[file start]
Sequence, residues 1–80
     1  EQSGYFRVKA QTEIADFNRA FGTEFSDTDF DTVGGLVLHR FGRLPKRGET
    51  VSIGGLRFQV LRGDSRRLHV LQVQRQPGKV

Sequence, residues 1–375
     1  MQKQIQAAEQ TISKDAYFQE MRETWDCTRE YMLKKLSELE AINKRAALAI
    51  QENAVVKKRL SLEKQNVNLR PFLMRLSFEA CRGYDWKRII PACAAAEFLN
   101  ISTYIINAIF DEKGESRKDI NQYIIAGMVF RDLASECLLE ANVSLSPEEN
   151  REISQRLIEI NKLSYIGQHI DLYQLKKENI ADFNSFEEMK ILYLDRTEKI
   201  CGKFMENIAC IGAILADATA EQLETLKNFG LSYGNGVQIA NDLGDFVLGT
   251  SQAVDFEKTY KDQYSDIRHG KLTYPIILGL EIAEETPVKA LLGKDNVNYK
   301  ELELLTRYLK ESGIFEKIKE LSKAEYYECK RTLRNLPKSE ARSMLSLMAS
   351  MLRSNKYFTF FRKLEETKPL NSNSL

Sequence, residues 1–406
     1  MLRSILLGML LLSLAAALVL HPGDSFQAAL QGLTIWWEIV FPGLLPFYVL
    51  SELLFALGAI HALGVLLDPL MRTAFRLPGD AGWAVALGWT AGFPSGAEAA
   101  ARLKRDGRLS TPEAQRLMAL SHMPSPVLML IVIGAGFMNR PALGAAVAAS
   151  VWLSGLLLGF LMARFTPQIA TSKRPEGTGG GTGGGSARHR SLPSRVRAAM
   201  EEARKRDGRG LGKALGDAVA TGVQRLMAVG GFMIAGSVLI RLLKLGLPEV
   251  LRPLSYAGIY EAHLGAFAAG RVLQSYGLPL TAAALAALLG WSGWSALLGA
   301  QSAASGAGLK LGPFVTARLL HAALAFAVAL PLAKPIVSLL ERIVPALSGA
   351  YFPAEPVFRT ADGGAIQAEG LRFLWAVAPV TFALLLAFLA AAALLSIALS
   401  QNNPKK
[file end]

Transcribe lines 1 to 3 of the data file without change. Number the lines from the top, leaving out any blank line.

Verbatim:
Sequence, residues 1–80
     1  EQSGYFRVKA QTEIADFNRA FGTEFSDTDF DTVGGLVLHR FGRLPKRGET
    51  VSIGGLRFQV LRGDSRRLHV LQVQRQPGKV